The “wall of debt” due to mature in 2024 will be the biggest driver of dealmaking this year, Searchlight Capital Partners founding partner Oliver Haarmann told PE Hub Europe in the next instalment of our outlook series with senior private equity investors.
The refinancing of the 2017-19 bull market ‘wall’ comes at a time of much higher interest rates, meaning companies will look to raise capital “through asset, subsidiary or even outright sales or through mergers with synergistic competitors to benefit from the combined companies’ higher EBITDA – creating a wave of opportunity for transactions”, said Haarmann.
Haarmann also expects plenty of take-private activity in 2024, an area where the private equity firm was busy during 2023, including two deals for UK-based companies: a £441 million ($557 million; €510 million) acquisition of alternative asset manager Gresham House and £524 million takeover alongside Providence Equity Partners of conference company Hyve Group.
“So long as very large-cap, tech companies continue to drive stock market indices, while more medium-sized, healthy, yet moderate growth companies continue to trade at significant discounts and receive less attention from analysts, take-private activity will be of interest,” he said.
Searchlight has offices in New York, London, Toronto and Miami. It has $11.6 billion of assets under management, according to its website.
How was your dealmaking experience in 2023?
Despite a challenging investment environment, we were able to remain productive in 2023 thanks to our flexible approach and experience executing more complex types of deals. We’ve never positioned ourselves as a straight buyout shop and the fact that over the past twelve months we’ve completed two take-privates with a third underway, one large corporate carve-out and two capital solutions investments across the UK, Europe and the US demonstrates the opportunities that we’re seeing for our strategy.
Do you expect a pickup in dealmaking in 2024?
I am optimistic that dealmaking will pick up this year. While market conditions may continue to be challenging, I anticipate that improved optimism about the macro-economic outlook will give firms more confidence to invest versus the last year, where high levels of uncertainty held them back.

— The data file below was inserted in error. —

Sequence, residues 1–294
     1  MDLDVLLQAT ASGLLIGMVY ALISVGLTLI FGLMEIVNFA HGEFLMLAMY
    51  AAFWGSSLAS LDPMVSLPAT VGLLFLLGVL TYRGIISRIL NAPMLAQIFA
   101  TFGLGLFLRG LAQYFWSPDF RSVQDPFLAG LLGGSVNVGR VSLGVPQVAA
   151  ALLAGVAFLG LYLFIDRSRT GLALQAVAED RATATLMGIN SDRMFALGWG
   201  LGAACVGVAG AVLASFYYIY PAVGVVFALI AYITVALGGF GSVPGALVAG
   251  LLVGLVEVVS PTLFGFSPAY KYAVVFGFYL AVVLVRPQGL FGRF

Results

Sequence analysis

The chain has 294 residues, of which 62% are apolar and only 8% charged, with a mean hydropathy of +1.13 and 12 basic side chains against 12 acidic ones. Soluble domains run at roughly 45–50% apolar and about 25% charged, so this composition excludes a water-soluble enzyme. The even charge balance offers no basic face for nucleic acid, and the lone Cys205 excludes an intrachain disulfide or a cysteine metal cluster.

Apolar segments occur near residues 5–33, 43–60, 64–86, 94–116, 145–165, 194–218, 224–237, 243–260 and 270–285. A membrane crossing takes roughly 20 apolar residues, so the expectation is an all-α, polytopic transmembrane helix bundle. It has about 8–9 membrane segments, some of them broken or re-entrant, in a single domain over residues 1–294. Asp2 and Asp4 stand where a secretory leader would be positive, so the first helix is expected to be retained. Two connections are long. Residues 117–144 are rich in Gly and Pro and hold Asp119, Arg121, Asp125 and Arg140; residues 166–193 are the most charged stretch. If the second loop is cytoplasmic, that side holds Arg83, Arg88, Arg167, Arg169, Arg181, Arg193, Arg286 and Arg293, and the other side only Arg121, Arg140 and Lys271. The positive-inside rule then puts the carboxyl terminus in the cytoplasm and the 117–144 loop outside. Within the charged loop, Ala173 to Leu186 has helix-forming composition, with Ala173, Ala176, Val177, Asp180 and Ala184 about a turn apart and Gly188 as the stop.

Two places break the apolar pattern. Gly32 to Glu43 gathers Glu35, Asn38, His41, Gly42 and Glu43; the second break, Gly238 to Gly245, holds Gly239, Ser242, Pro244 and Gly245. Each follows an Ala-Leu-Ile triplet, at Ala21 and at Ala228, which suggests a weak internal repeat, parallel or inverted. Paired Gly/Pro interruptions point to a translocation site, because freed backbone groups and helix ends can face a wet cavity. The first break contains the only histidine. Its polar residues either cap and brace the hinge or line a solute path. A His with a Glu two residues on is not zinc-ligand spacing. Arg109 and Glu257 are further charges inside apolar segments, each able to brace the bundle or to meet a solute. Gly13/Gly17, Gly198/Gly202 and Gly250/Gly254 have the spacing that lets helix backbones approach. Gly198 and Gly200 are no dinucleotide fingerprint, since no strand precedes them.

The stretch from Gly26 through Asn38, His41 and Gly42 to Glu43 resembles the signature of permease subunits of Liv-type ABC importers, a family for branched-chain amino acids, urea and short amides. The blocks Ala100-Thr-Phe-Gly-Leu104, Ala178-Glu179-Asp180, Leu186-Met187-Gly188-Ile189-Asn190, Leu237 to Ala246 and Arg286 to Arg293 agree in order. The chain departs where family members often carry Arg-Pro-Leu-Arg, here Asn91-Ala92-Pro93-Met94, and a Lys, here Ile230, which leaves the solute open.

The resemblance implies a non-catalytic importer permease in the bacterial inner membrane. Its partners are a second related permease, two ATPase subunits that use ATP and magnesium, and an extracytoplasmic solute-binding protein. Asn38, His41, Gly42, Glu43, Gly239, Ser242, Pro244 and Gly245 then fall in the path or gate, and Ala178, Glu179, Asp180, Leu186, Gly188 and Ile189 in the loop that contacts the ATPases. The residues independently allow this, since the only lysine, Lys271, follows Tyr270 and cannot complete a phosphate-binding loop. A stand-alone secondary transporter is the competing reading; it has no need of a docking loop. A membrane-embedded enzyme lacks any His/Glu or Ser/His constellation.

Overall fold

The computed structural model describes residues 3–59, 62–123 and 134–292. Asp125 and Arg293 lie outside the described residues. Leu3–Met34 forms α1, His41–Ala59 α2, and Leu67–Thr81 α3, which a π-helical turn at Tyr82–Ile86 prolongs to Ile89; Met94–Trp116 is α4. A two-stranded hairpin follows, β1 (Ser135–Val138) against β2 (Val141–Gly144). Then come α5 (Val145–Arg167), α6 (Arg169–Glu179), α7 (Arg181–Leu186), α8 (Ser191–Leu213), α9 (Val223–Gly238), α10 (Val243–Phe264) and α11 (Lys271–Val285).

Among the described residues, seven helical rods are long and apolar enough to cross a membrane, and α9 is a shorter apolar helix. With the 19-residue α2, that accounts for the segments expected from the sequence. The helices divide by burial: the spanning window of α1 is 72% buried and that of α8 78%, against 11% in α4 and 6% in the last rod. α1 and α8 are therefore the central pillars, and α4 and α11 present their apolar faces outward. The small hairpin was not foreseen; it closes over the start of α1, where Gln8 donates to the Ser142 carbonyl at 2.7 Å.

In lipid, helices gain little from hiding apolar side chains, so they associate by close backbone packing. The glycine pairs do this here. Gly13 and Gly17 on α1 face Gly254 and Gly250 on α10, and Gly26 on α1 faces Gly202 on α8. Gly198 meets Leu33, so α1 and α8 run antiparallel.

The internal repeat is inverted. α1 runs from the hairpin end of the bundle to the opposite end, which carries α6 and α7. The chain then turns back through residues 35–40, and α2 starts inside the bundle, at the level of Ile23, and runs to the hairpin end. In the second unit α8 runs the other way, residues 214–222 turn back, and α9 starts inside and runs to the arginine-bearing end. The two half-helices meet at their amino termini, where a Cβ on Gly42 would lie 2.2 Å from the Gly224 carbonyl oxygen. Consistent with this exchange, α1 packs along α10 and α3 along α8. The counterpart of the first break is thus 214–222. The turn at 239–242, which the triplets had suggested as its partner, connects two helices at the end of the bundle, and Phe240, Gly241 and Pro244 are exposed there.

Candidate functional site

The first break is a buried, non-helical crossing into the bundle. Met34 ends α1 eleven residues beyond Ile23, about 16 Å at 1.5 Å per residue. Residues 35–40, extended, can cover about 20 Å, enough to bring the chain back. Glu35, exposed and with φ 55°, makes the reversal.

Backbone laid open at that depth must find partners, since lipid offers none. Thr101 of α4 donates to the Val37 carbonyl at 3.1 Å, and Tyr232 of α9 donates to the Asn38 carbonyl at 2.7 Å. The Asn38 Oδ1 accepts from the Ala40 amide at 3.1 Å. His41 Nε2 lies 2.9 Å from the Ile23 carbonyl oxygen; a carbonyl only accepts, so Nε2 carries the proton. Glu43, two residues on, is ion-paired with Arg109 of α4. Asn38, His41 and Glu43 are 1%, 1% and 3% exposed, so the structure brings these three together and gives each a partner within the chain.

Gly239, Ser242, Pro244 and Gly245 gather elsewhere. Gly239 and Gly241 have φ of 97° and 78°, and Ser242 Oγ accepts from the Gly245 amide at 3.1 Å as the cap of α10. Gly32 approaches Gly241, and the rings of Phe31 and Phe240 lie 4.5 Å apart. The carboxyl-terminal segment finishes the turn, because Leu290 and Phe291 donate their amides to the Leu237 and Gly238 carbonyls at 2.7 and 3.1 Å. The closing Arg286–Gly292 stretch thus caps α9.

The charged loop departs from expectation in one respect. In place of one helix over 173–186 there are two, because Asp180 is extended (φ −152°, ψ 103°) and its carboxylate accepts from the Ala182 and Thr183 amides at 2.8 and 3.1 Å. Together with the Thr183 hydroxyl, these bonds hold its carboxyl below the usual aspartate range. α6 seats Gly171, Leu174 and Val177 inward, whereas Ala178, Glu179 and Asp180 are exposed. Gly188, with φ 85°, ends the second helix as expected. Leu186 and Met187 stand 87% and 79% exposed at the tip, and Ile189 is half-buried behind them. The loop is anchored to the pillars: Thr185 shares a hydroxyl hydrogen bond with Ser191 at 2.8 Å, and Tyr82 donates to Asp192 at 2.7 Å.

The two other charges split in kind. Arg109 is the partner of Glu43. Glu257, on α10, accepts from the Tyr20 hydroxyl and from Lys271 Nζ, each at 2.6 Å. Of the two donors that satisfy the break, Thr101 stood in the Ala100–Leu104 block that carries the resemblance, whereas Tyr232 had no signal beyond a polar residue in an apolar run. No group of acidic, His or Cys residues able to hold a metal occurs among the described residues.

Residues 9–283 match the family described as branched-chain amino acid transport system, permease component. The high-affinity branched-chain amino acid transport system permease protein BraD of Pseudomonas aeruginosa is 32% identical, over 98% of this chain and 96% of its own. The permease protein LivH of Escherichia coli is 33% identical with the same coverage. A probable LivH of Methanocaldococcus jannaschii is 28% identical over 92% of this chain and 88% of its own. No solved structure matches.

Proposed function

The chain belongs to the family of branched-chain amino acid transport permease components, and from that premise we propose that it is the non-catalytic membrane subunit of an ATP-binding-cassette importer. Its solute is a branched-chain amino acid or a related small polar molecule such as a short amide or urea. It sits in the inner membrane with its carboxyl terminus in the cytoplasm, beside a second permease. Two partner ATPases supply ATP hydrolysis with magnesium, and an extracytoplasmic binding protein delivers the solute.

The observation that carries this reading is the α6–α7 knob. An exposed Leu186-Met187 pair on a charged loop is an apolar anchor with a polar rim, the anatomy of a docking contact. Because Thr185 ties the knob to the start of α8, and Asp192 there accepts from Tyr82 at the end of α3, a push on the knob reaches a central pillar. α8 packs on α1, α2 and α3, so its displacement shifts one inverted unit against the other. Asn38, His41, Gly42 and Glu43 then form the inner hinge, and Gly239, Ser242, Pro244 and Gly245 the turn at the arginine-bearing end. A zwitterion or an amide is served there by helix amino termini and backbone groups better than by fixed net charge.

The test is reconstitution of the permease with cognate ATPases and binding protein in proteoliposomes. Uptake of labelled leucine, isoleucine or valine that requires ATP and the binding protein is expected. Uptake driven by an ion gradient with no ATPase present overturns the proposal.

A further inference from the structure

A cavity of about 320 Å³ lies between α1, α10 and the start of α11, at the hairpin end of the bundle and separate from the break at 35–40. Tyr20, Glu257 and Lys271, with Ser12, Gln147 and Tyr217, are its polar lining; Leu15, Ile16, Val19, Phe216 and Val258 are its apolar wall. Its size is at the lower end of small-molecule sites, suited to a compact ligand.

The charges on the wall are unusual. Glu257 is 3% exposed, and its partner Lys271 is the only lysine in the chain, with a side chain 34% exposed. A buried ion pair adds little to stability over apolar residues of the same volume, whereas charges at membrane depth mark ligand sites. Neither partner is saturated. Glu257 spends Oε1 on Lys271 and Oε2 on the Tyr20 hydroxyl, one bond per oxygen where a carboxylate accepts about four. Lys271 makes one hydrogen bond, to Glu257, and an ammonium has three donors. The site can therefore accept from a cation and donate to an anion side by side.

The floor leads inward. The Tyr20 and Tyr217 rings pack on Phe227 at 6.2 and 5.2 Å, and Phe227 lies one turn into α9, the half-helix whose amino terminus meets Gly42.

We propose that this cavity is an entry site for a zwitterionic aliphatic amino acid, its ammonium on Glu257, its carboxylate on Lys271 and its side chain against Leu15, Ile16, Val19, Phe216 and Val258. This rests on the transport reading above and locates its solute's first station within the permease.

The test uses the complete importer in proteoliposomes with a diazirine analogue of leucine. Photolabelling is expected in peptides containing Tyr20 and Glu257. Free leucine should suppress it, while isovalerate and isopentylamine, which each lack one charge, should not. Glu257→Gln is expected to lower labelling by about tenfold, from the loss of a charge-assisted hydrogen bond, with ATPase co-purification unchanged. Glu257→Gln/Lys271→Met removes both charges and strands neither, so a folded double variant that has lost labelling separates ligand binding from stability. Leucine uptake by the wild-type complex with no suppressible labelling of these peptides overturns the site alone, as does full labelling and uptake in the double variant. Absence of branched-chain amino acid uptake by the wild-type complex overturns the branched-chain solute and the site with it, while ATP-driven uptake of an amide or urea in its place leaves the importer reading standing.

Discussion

In my view, the greatest source of deal activity is going to come when the ‘wall of debt’ maturities comes due. During the bull market of 2017-19 many acquisitions at peak valuation levels were financed at very high leverage multiples in an era of low interest rates. From 2024 onwards, we will see a lot of debt tranches start to come due, which will force companies to refinance in a much higher interest rate environment. These companies will therefore look to raise capital and will do so through asset, subsidiary or even outright sales or through mergers with synergistic competitors to benefit from the combined companies’ higher EBITDA – creating a wave of opportunity for transactions.
As a result, I think our opportunistic credit platform will be particularly active this year, through which we are able to provide flexible capital to help good quality companies facing short-term liquidity challenges. Looking further ahead, there is then an opportunity to convert the debt into equity and support the longer-term growth of these businesses.
Which sectors and/or sub-sectors do you expect to do well in 2024?
As mentioned, I think we’ll see heightened transaction activity for companies – across sectors and geographies – that were bought and financed with high levels of cheap debt in the bull market. But, beyond that, we have to think about which areas will suffer in the event of a recession. Discretionary consumer goods and services are likely to top the list of sectors that will be most impacted. Our strategy is to generally invest in companies with recurring revenues and more predictable cashflows in more defensive sectors.
Do you expect an increase in take-privates this year?
Yes, for the very same reasons we saw lots of activity last year. So long as very large-cap, tech companies continue to drive stock market indices, while more medium-sized, healthy, yet moderate growth companies continue to trade at significant discounts and receive less attention from analysts, take-private activity will be of interest.
This is true of PE funds, of course, but also management teams, for whom PE ownership is appealing because of the longer-term timeframe of decision making and performance measurement, the greater alignment with and attention from shareholders who will typically have far better understanding of their industries, and access to capital to support future growth.
What’s your outlook for exits in 2024?
I think that we’re likely to see more strategic acquisitions in 2024, whereby strategic buyers will take advantage of improved valuations to purchase quality companies, many of which owned by PE firms looking for exits to provide liquidity for their LPs.
Editor’s note: PE Hub Europe is running 2024 outlook Q&As with senior private equity dealmakers through December and January. The previous instalment was with Severin Matten, director and member of 3i’s global healthcare team.